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Spectrum: Autism Research News


This article is more than five years old. Autism research — and science in general — is constantly evolving, so older articles may contain information or theories that have been reevaluated since their original publication date.

A powerful magnet that alters brain activity has shown that a brain region responsible for language may function differently in adults with Asperger syndrome than in controls, according to a study published in the July issue of the European Journal of Neuroscience1.

The technique, called transcranial magnetic stimulation, or TMS, reversibly alters brain function in response to a magnet placed outside the brain. It allows researchers to inactivate regions responsible for certain functions, such as language, while an individual is awake and speaking.

Low-frequency repetitive TMS is generally believed to inactivate targeted brain regions by disrupting electromagnetic signals. However, critics maintain that it is impossible to know what TMS does to the brain and whether it directly affects the targeted regions.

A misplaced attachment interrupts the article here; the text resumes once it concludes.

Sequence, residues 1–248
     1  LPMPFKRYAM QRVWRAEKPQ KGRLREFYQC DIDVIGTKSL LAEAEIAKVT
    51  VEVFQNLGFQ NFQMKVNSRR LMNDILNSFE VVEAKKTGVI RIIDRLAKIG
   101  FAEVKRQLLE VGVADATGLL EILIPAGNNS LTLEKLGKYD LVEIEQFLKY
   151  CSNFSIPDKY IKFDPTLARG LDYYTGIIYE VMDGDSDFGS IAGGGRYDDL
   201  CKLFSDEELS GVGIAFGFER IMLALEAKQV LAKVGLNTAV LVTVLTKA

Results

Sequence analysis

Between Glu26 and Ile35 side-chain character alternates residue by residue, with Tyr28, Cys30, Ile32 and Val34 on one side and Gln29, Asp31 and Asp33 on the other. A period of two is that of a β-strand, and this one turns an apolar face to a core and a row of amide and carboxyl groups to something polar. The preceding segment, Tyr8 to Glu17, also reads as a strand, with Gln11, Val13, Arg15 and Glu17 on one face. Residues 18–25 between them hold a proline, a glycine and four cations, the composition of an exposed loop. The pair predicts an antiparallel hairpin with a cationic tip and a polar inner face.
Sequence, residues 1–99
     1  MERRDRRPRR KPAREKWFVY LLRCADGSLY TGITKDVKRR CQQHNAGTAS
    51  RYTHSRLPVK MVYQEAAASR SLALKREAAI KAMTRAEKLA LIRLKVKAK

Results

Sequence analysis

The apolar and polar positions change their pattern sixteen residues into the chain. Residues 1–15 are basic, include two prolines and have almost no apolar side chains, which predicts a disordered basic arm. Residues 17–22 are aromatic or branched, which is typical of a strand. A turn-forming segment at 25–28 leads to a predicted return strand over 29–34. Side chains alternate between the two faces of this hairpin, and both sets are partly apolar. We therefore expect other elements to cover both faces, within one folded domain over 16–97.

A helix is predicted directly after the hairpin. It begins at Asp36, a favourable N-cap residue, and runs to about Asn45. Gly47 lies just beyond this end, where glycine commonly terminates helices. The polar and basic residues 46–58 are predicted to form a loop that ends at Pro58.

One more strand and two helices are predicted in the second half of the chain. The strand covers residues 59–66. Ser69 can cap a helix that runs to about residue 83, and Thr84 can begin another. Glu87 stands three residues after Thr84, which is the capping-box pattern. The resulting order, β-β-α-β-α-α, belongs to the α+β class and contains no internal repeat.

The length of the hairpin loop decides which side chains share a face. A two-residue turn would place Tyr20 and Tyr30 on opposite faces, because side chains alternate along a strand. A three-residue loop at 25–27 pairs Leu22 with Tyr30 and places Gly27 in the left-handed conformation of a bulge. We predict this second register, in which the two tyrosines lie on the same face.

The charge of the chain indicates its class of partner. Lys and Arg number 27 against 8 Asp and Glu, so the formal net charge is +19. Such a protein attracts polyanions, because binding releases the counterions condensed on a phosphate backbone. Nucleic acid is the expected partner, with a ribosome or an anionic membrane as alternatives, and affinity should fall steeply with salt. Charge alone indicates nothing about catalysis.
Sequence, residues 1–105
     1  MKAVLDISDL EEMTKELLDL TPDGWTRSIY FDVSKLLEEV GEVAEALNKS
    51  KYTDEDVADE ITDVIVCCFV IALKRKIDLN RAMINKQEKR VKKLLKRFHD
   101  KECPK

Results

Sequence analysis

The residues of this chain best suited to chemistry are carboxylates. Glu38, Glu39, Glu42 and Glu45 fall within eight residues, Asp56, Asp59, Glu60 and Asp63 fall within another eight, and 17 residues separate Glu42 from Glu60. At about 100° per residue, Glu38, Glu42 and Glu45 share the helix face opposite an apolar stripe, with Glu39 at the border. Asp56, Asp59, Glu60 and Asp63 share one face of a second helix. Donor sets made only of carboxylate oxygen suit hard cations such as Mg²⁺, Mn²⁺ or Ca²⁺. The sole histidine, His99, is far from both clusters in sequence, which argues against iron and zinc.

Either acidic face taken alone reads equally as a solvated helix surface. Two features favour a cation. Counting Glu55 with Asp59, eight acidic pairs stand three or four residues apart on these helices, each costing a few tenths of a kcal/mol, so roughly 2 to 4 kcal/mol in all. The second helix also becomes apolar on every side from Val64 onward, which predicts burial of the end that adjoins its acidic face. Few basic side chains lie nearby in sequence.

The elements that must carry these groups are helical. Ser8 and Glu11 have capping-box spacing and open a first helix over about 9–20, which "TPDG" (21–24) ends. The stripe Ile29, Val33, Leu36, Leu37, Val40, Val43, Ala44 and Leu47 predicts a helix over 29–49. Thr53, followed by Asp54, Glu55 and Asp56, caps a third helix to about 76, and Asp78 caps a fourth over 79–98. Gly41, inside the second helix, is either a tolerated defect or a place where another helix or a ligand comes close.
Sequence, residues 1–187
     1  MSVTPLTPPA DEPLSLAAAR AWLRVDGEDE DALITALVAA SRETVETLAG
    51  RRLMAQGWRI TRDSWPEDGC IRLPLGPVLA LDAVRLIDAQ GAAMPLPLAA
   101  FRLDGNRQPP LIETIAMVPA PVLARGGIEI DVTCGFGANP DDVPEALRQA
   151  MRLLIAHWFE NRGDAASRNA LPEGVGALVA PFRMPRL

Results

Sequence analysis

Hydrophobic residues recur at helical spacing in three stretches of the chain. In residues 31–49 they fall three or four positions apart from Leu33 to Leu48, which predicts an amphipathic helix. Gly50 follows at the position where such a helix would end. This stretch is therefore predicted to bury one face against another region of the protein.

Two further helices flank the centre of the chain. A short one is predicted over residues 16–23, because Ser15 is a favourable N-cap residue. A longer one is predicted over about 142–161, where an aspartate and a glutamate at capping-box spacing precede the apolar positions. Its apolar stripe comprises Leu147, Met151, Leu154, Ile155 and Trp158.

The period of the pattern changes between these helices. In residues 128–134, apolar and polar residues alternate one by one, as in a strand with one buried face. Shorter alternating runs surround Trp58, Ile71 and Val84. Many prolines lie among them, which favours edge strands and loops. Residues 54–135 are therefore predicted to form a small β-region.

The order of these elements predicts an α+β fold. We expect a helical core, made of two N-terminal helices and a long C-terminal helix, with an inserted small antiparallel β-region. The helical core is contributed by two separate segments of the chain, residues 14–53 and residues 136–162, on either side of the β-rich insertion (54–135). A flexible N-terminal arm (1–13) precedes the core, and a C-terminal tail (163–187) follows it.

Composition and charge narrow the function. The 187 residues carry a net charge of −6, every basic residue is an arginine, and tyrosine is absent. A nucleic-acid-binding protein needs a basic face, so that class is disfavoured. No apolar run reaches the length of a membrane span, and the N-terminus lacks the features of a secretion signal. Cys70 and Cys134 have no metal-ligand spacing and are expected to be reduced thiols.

In the new study, researchers used TMS to affect Broca’s area — a brain region responsible for language — in 10 individuals with Asperger syndrome and 10 age- and gender-matched controls. A study published last year found that this region shows more curvature in individuals with Asperger syndrome than in those with autism. The region also does not form typical connections with other language areas when individuals with autism listen to speech.

Participants in the new study took a test that measures how quickly they can name images of various objects, such as a protractor or a harp, after they had 30 minutes of TMS or sham TMS to four different regions within Broca’s area: the left and right pars opercularis and the left and right pars triangularis. Neither the participants nor the researchers knew whether the TMS was sham or real, nor which region had been targeted for which test.

Before TMS, the two groups performed equally in the naming test, taking approximately 450 milliseconds to correctly name the object. However, after TMS of the left pars triangularis, individuals with Asperger syndrome named objects in 300 milliseconds on average. TMS of the left opercularis, an adjacent region, lengthened their naming response to 600 milliseconds. The response times of control individuals did not vary between the sham and real TMS treatments.

The results suggest that individuals with Asperger syndrome may use atypical patterns of brain activity when naming objects, perhaps as a compensatory mechanism, the researchers say.


  1. Fecteau S. et al. Eur. J. Neurosci. 34, 158-164 (2011) PubMed